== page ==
MARSHALL COUNTY, Ala. (WHNT) -- The Special Services division of the Marshall County District Attorney's Office closed 514 cases since the beginning of February.
The Worthless Check Unit, Restitution Recovery Unit, and Child Support Unit collected $207,241 during five weeks leading up to Wednesday's warrant round up.
"That's money that will go back to merchants who otherwise needed that money, victims who are entitled to restitution, and also monies that are due to the court system for it to be able to continue to operate," district attorney Steve Marshall said.
They served 57 warrants during the round up and collected about $10,000 Wednesday.
About a dozen of the people arrested during the round up remained in the Marshall County Jail Thursday afternoon, and Marshall said they are held on charges ranging from writing bad checks, to failing to pay child support, to failing to pay fines and other court costs.
"People that went in yesterday had cash bonds that would allow them to get out," he said.
"Basically, that cash bond satisfied what they owed. Those that are continuing to stay in jail will either stay there until a court date or likewise until they satisfy their obligation."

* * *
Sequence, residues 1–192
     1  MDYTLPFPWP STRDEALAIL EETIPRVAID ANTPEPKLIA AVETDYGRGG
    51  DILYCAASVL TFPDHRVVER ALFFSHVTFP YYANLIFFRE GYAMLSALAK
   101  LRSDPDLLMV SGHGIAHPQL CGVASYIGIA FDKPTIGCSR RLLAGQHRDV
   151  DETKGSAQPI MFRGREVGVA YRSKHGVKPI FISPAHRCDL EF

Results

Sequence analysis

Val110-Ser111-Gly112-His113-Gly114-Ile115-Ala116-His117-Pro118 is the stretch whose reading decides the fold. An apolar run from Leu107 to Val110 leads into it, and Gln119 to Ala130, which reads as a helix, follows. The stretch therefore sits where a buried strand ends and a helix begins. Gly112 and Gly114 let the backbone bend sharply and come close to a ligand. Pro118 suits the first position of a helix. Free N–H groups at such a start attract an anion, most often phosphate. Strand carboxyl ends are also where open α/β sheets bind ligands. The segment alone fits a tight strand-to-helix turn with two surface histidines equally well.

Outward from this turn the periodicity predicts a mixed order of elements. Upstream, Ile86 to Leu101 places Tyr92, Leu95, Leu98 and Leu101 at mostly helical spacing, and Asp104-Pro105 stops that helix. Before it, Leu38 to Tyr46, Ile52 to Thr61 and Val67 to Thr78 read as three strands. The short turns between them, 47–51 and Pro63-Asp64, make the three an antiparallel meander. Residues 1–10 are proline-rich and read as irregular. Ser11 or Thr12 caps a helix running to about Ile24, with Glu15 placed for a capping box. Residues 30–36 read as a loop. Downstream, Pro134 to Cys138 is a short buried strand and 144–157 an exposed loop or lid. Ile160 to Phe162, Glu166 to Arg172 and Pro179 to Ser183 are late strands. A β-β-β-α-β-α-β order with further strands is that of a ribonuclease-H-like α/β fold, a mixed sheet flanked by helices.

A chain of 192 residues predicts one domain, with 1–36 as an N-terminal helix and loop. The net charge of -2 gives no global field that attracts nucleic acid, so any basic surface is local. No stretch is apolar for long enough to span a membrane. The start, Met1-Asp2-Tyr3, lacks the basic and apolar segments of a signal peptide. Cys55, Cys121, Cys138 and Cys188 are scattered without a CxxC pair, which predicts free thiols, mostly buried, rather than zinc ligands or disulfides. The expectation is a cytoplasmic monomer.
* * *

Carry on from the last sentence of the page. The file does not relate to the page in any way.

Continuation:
Many avoided jail during February's amnesty month, when prosecutors in Marshall and DeKalb Counties allowed people to pay without having to go to court or pay some fees.
The district attorney's collected more than $10,000 on the first day of February.
"I'm very pleased with the fact that not only did some people take advantage of the opportunity to not get arrested and do the right thing, but also the promise that we made at the end, that if you don't come in, we'll come looking for you," Marshall said.
Altogether they cleared 514 cases in the five weeks. Several dozen outstanding warrants remain, and investigators will still search for the suspects they couldn't find Wednesday
"We're not [done], those continue to be active, we've got information and leads of where people had somehow left the county, may be in other jails for example, we'll continue to follow up on those," Marshall said.